The man who lost the first ever election in the US to used ranked-choice voting to decide a statewide race is suing, with an eye toward getting the national Supreme Court to say that this type of voting is unconstitutional, reports the Portland Press-Herald.
Poliquin and his team are aiming for more than just a reversal of the election results as they push to make Maine the national, legal test case for ranked-choice voting in any federal election.
“Whether a state can go beyond a plurality that is currently provided for in (the Constitution) is an open question the Supreme Court has never decided,” Lee Goodman, Poliquin’s attorney and a former chairman of the Federal Election Commission, said last month.
Goodman’s reference to the nation’s highest court signals his team is already looking beyond U.S. District Court in Bangor, where both sides will plead their cases this week. Poliquin, a two-term Republican, is also requesting that the judge order a new election, and has formally asked for a hand recount by the Maine Secretary of State’s Office. Neither effort appears likely to succeed.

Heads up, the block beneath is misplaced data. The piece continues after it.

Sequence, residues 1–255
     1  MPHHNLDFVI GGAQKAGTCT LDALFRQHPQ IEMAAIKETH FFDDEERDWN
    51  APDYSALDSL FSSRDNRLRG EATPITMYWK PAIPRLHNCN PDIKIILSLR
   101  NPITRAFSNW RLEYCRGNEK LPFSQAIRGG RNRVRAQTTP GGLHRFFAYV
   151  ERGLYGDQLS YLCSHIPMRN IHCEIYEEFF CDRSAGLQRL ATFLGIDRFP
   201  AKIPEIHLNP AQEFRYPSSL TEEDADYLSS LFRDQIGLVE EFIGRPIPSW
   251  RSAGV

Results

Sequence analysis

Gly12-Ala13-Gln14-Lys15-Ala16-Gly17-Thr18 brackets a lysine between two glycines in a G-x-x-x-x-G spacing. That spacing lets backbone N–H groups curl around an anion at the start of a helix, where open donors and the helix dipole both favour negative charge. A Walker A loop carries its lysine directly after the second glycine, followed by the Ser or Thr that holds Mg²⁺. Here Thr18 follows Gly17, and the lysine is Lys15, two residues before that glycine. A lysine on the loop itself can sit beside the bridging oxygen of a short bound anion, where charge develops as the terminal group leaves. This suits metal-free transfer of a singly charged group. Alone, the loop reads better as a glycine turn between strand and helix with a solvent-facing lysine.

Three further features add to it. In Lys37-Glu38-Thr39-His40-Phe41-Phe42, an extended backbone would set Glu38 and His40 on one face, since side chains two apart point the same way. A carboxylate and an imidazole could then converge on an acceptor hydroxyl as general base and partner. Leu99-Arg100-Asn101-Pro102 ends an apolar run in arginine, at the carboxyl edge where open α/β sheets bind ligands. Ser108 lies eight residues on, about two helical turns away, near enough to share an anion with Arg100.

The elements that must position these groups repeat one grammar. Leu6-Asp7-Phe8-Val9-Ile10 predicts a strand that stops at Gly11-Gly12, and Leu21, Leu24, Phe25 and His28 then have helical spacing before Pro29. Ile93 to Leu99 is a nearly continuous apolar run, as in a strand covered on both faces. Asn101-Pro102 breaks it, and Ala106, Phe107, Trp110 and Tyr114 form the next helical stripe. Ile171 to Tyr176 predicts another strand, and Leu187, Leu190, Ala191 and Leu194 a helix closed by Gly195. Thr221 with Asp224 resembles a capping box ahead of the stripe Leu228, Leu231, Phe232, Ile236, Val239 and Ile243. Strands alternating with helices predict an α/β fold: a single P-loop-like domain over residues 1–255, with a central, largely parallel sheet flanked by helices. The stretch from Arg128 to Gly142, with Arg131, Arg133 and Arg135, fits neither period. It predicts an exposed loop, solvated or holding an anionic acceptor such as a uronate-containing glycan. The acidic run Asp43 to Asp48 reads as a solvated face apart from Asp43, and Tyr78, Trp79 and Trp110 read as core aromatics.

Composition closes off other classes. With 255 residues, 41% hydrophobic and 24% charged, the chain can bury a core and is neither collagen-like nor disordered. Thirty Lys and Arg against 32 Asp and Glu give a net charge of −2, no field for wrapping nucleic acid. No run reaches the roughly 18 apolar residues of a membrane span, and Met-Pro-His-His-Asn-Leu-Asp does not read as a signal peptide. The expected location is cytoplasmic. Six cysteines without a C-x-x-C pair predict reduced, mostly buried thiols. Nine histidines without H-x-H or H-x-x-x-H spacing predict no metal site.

The system was used in Maine’s congressional and gubernatorial races this year, a first for the country, after voters twice approved referendums for the system. Only in one of the congressional races did the ranked choices become important: The incumbent won re-election in the 2nd district based on first-place votes but didn’t get a majority; when 2nd-place votes were calibrated, he lost. He’s the guy suing, not surprisingly.
Regardless of that result, the mechanism worked pretty smoothly, from all reports. No mass confusion, no hanging chads.